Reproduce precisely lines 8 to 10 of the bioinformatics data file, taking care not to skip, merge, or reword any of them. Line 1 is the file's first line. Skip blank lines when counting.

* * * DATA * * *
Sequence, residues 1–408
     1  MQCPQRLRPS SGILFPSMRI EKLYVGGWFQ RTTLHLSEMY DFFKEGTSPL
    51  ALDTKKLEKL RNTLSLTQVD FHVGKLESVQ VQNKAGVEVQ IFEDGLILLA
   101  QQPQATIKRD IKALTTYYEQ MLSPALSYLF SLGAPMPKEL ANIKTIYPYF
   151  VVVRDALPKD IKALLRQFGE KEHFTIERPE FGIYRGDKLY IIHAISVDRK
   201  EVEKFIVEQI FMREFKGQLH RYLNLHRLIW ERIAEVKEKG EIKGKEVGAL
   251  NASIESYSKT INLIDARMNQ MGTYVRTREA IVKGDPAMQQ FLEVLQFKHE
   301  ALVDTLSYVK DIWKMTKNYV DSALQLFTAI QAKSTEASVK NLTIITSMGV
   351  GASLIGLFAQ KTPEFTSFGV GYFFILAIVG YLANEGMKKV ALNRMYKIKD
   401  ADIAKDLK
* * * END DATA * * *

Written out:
   301  ALVDTLSYVK DIWKMTKNYV DSALQLFTAI QAKSTEASVK NLTIITSMGV
   351  GASLIGLFAQ KTPEFTSFGV GYFFILAIVG YLANEGMKKV ALNRMYKIKD
   401  ADIAKDLK